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Some Recent Thoughts on Collusion

Definition: Collusion – a deceitful, secret agreement: doing nothing to stop a perpetrator is covertly condoning what he is doing (turning a blind eye to criminal behaviour); protecting him from being held accountable, dismissing the seriousness of the abuse. “Staying out of it”, “doing nothing”, or “not doing what needs to be done” permits perpetrators to continue abusing and places the victim in greater danger. Collusion emboldens perpetrators because there is impunity for their criminal actions. This exponentially increases the risk of harm for the victim/survivor. It doesn’t matter if it is unintentional, inadvertent, implicit, or unconscious – COLLUSION is COLLUSION!


“Less than helpful” responses are not neutral. They are dangerous and, in many cases, deadly, as our Qld Fatality Review Committee Reports remind us annually. Are we listening? Systemic failure, systemic inadequacy, and at times, systemic incompetence and systemic complacency all contribute to domestic violence fatalities. The need for tight, integrated, and coordinated community responses is paramount. Even helpful responses from an agency or a professional, can be undermined and sabotaged, by other professionals or organisations if we do not act uniformly and consistently safely and accountably for victim/survivors. Recently, when Professor Kerry Carrington reported on the death on a Qld DV victim, she called the response to the woman’s repeated cries for help, a ‘calamity of errors’. These errors can include: missed opportunities; small mistakes which compound; failures to communicate risk information; rushing the intervention process; inconsistency; lack of awareness of unintended consequences; working in isolation, insufficiently trained and inadequately supervised staff; and inappropriate work practices.


All who work with perpetrators of domestic violence or who have contact with them, and all who work in responding to victim/survivors need to work intentionally and consistently to avoid ‘a calamity of errors’. We know that is what contributes to women’s deaths. In some cases, with such systemically poor responses, victims can become ‘dead women walking’. It is that predictable. However, we are ‘joining the dots’ and ‘reading the writing on the wall’ after the fact instead of before. Too late then. So, predictable is not leading to preventable. If domestic violence homicides are so predictable, why as a community are we not better at prevention? We have to learn from past mistakes to change the ending for other victims/survivors.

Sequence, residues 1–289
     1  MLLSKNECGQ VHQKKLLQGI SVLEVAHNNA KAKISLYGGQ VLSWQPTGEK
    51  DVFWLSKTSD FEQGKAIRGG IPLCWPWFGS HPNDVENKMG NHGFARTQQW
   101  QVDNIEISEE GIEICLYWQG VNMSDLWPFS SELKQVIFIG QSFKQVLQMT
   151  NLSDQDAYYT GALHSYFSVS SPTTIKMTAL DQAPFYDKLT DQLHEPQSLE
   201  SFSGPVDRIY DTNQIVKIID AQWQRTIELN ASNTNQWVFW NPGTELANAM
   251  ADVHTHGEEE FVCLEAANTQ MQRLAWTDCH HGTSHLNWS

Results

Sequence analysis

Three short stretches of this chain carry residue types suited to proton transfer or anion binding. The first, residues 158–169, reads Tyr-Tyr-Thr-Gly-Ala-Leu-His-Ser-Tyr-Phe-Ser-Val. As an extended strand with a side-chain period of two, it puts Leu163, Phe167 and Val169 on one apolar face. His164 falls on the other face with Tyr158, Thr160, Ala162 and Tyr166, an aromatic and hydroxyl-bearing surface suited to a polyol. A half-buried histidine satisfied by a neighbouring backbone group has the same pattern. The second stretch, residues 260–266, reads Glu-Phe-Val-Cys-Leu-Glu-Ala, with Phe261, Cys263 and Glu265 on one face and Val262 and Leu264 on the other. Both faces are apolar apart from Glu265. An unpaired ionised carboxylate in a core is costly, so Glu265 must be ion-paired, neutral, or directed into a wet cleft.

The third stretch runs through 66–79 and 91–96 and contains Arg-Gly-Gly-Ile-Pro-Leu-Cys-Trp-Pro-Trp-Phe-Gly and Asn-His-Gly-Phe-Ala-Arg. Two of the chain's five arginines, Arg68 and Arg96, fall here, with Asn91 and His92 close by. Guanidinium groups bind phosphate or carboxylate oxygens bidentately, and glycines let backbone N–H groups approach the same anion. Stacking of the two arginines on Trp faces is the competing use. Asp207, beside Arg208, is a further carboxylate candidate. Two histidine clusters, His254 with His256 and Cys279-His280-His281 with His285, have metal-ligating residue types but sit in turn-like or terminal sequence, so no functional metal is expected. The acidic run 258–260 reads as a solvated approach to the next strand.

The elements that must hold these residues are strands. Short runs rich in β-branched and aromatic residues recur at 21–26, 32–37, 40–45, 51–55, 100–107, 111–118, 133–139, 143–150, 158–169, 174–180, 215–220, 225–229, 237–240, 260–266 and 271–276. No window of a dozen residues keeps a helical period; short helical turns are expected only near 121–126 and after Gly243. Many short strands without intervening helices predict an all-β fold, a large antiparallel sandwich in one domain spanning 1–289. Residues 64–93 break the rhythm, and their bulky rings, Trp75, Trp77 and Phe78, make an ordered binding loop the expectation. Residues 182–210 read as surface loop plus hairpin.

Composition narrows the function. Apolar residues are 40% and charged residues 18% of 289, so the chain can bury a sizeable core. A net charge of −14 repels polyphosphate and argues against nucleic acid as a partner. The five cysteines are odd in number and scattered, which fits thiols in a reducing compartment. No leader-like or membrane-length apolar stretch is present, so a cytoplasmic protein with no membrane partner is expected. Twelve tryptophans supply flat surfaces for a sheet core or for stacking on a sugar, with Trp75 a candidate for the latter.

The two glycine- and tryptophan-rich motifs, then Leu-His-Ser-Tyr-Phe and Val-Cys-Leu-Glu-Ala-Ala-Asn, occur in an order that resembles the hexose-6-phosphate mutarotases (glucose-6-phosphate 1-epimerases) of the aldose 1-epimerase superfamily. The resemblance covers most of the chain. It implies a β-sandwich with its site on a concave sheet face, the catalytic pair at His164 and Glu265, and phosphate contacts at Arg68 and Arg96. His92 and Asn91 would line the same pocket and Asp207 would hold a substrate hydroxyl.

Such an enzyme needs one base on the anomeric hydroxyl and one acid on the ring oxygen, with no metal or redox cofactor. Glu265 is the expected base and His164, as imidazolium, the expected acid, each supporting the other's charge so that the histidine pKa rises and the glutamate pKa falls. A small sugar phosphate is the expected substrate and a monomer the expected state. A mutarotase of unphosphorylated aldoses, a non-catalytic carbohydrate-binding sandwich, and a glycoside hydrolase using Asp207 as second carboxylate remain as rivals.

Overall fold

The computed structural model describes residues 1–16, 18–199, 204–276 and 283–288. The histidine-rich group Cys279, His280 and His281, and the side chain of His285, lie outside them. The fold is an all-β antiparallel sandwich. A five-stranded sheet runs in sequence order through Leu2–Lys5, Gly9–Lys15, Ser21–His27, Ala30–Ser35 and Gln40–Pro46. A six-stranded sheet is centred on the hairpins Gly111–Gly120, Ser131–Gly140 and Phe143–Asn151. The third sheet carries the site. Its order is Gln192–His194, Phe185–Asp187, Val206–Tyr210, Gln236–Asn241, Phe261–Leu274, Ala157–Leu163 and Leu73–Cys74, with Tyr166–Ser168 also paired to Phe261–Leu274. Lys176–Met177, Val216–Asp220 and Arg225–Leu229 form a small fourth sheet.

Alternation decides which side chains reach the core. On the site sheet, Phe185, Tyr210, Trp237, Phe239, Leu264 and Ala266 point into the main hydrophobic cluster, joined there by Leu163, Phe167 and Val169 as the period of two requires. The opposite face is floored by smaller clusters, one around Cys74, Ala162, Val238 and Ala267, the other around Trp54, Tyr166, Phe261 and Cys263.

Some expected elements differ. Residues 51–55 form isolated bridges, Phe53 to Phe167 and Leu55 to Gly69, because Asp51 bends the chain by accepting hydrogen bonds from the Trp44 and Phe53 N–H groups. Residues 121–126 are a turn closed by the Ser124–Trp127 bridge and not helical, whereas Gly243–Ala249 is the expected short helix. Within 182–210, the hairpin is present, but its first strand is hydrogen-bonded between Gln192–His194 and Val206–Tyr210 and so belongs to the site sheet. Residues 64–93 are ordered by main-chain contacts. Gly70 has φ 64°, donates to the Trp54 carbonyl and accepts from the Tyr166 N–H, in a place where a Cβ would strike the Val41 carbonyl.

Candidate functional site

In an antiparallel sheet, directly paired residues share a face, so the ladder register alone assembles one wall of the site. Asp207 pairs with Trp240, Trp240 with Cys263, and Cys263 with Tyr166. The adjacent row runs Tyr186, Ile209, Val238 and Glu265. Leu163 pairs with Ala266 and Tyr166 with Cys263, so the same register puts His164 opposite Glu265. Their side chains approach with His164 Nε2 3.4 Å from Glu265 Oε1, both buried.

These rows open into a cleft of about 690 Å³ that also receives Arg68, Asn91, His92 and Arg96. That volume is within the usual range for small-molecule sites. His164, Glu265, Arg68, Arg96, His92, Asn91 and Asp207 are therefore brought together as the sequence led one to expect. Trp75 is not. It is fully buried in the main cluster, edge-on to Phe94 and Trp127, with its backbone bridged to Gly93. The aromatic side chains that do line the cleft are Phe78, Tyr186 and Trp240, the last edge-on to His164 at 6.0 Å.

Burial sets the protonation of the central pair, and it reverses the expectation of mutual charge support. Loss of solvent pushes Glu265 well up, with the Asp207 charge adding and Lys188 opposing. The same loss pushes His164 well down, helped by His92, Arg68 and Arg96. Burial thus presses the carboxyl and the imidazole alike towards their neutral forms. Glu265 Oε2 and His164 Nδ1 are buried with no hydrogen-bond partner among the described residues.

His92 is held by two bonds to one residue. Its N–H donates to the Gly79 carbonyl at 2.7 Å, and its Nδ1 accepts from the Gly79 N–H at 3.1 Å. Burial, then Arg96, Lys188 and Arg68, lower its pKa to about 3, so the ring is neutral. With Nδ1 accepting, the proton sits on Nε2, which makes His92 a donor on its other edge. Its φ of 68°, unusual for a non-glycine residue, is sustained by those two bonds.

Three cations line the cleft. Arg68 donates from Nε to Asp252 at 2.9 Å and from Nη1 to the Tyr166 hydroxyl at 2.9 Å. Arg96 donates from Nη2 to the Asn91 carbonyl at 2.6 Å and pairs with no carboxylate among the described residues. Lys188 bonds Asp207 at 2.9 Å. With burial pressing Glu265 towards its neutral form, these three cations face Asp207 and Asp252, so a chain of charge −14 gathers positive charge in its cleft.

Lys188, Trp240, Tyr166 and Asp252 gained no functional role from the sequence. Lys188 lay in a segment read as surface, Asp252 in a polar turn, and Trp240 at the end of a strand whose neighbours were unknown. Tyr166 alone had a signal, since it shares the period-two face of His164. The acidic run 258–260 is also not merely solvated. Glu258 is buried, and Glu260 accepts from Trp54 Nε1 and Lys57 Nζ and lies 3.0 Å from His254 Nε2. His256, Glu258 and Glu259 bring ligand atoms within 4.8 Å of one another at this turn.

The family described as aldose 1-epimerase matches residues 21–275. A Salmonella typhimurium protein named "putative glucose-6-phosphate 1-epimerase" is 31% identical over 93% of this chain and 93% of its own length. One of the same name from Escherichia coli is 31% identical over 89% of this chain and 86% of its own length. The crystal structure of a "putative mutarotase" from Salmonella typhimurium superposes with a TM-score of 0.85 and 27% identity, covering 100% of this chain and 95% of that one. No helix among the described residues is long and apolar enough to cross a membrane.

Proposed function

Individual practitioners and our systemic response can collude with perpetrators. We all need to be on our guard against this as our common work practice. Collusion can take many often subtle and covert forms. I have identified some and illustrated them below. I am sure you could add to this list. We need to discuss collusion in our staff training, in our services, in our professional development, in our supervision and management. We need to increase our critical awareness of this problem and further develop ways and means to circumvent it.


  1. Are we facilitating women’s safety or are we frustrating her safety needs and safety plans?

  2. Are we focusing due attention on the offender and his level of risk and responding swiftly and certainly to contain his dangerousness?

  3. Are our organisational policies and procedures taking precedence over her safety? Do they need to be changed?

  4. Are we working together (courts, police, corrective services, child safety, women’s services, men’s programs, allied health services, government departments, etc) or are we undermining and sabotaging each other?


These questions must be answered if we are going to stop domestic violence homicides.

Sometimes, maybe even often, in our crisis work, we are under pressure. (Although never under as much pressure as the victim – let’s not forget her). Within agencies, we should never work alone. We need a team approach, with specialised training, supervision, and accountability processes in place, with adequate supports, resources, and oversight, to work consistently and effectively for safety and accountability. Risk assessment, risk management, and safety planning should never be left to an individual to manage alone. That weight is too heavy and the consequences too dire for one person to bear. This is why integrated and coordinated systemic responses are critical for safety and accountability. Individual collusion and systemic collusion are preventable. In fact, women’s safety, and in too many cases, women’s and children’s lives, are depending on this.

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